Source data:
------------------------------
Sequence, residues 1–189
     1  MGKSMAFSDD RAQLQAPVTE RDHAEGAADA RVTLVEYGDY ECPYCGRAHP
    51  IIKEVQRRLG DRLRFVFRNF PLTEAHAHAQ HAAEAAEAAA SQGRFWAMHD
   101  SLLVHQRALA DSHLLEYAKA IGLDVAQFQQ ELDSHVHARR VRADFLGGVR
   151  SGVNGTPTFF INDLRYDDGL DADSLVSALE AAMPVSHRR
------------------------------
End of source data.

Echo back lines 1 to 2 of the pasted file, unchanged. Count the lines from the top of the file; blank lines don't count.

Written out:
Sequence, residues 1–189
     1  MGKSMAFSDD RAQLQAPVTE RDHAEGAADA RVTLVEYGDY ECPYCGRAHP